Oaks 2.0 designed by Architect Deepak Hiremath
Architect Deepak Hiremath turned a three-bedroom villa into a restaurant ‘Oaks 2.0’ located in Hubli, Karnataka, India. Deepak Hiremath received his Bachelors in Architecture from Karnataka University in 1993 and has been the Founder and Principal Architect
Architect Deepak Hiremath turned a three-bedroom villa into a restaurant ‘Oaks 2.0’ located in Hubli, Karnataka, India.
Deepak Hiremath received his Bachelors in Architecture from Karnataka University in 1993 and has been the Founder and Principal Architect for DH&A ever since. Deepak’s eye for design concepts and expertise in construction technologies has enabled interpreting the firms’ vocabulary in new and innovative ways.
Besides being the Principal Architect, Deepak also Manages the firm and is responsible for consistent delivery standards, as guided by the Practice’s primary Vision, Mission, and Values. He has mentored the practice and his young architects into a creative and collaborative studio capable of handling projects of different scales.
The firm headed by Deepak Hiremath, create a versatile body of work ranging from architecture and interiors of residences and corporate offices, Institutional and hospitality spaces. Deepak’s distinct style in his work, versatility in design concepts, and use of locally available materials have rendered many clients ranging from Government, Semi-Government, Private and Corporate Sector to Individual house owners.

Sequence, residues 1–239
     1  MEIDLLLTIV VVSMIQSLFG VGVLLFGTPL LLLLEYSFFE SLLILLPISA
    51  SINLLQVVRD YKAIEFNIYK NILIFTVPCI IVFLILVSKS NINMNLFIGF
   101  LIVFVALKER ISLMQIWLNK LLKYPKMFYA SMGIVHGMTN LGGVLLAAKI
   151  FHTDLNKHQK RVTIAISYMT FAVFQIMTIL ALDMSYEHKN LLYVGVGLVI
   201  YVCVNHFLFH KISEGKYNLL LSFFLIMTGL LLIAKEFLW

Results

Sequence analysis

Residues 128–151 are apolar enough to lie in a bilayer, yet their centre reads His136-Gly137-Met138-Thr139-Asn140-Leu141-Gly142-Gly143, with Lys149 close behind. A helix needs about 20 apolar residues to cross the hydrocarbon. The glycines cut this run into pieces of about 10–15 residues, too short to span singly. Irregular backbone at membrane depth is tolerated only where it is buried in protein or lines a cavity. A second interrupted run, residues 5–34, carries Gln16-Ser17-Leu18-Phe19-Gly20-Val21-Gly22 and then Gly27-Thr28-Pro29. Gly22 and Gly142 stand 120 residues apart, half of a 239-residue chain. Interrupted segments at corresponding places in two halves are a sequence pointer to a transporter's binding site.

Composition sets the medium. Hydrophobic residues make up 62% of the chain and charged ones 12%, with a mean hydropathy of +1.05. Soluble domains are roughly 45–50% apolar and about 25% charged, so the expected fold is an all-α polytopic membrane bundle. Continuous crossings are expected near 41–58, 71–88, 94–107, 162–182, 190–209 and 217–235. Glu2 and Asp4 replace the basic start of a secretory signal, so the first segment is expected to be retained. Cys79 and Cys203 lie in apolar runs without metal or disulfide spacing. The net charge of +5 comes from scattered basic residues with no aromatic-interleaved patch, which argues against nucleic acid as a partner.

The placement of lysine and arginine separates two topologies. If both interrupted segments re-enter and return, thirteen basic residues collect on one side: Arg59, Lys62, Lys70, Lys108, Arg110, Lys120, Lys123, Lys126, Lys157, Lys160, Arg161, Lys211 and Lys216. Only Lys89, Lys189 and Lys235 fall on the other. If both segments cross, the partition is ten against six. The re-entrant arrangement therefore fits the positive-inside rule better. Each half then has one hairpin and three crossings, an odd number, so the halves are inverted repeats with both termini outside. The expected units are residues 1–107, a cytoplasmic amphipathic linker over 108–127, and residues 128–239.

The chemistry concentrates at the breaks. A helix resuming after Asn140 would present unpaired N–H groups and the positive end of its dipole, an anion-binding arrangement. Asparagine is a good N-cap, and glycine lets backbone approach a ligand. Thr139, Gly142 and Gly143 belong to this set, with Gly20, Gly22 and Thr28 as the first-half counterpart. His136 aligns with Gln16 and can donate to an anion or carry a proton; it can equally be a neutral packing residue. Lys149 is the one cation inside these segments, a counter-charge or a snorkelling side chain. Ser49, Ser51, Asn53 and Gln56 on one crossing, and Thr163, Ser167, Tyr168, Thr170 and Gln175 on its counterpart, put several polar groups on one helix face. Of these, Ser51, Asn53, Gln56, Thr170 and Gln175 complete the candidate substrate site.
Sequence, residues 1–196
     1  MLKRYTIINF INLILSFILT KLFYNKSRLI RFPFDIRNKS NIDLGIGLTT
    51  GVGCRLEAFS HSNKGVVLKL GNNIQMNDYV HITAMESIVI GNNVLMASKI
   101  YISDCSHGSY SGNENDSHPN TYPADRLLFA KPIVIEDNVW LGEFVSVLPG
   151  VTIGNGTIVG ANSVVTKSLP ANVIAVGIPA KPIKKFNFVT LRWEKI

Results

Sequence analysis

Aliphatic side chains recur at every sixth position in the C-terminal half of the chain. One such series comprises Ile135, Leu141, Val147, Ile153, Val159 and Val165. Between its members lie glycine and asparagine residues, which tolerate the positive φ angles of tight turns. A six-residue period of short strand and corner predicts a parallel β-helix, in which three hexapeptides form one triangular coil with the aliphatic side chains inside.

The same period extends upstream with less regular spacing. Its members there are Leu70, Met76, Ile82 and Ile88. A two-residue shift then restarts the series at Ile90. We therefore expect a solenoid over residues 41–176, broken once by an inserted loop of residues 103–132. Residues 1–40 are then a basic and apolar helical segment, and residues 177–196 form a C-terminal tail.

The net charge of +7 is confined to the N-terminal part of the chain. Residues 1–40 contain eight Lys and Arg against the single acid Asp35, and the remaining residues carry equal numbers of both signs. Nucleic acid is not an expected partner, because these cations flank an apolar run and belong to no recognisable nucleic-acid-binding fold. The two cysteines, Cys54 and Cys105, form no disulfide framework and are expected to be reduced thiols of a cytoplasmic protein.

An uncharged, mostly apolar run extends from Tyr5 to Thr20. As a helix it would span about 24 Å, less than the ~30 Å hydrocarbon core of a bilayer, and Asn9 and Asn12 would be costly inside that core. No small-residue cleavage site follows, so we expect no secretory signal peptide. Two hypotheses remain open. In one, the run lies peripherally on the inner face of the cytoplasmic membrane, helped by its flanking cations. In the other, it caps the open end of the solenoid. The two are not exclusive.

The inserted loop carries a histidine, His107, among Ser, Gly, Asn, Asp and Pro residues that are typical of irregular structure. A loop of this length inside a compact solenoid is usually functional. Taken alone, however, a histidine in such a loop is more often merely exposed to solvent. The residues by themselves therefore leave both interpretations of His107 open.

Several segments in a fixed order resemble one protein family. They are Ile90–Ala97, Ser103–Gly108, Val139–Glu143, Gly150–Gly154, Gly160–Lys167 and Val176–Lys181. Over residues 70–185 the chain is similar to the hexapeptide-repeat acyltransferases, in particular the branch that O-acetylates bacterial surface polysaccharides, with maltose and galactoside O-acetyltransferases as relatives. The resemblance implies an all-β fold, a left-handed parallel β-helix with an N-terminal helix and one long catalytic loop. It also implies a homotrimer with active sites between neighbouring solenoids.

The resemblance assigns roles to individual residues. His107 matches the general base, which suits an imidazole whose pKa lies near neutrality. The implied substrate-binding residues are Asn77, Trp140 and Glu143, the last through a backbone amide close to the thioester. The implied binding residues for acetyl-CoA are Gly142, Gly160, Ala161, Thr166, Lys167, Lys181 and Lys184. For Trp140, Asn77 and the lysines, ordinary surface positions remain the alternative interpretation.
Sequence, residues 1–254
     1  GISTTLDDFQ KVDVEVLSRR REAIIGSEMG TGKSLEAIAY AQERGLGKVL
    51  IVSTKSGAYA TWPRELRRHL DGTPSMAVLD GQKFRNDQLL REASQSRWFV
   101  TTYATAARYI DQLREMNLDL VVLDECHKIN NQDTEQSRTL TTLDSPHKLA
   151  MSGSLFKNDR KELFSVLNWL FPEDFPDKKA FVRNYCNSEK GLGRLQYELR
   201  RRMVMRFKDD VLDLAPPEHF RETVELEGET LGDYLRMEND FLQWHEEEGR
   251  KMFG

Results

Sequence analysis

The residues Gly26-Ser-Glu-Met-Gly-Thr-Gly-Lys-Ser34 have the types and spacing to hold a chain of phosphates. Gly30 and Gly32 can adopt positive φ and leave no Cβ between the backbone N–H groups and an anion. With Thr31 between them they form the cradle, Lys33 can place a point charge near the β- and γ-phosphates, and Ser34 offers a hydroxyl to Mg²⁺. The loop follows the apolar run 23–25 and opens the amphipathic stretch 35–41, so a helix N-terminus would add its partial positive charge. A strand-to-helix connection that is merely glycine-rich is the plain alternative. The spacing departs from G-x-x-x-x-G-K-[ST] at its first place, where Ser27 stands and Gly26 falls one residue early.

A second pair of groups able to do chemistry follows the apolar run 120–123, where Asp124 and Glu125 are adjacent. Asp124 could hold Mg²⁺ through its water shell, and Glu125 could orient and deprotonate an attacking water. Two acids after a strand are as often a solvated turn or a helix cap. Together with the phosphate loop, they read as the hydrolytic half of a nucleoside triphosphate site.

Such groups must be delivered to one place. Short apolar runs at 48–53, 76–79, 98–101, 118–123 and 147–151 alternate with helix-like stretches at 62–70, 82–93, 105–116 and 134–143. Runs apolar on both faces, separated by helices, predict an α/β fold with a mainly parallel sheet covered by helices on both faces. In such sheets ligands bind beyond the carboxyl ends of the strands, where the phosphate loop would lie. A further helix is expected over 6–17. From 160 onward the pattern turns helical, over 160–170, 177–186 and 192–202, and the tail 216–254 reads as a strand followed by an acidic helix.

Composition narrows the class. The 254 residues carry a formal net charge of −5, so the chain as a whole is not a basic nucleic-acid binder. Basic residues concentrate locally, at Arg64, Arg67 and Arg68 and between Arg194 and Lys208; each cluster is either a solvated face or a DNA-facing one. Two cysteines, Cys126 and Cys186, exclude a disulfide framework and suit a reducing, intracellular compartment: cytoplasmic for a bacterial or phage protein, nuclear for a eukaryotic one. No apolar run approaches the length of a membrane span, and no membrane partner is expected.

It started with turning a three-bedroom villa with load-bearing construction into a restaurant appealing to the young crowd of Hubli.
The site sits in the center of an institutional fabric of the city. The idea of being vernacular in nature helped retain large portions of the existing layout and re-purposing it to the various spaces of a restaurant.
Balinese being a rather vernacular style, most materials were sourced in and around the site. The doors and windows of the old house were used in the false ceiling. Typical Balinese roof profile was retained and shingles used to cover the roof.
Trying to retain the theme, wooden columns were used to support all the roofs. The building designed as three different each unique within itself. The south Indian breakfast section retains the ambiance of Bali with its pitched roof, hand plastered walls and bench type seating.
The cafe has fixed enclosed seating bringing in maximum nature to the end-users. The furniture is made out of polished waste wood. The North Indian Dining (Fine Dine) was exquisitely designed to bring traditional Balinese elements being hanging lights, artifacts, the seating, and the fabric in the ceiling.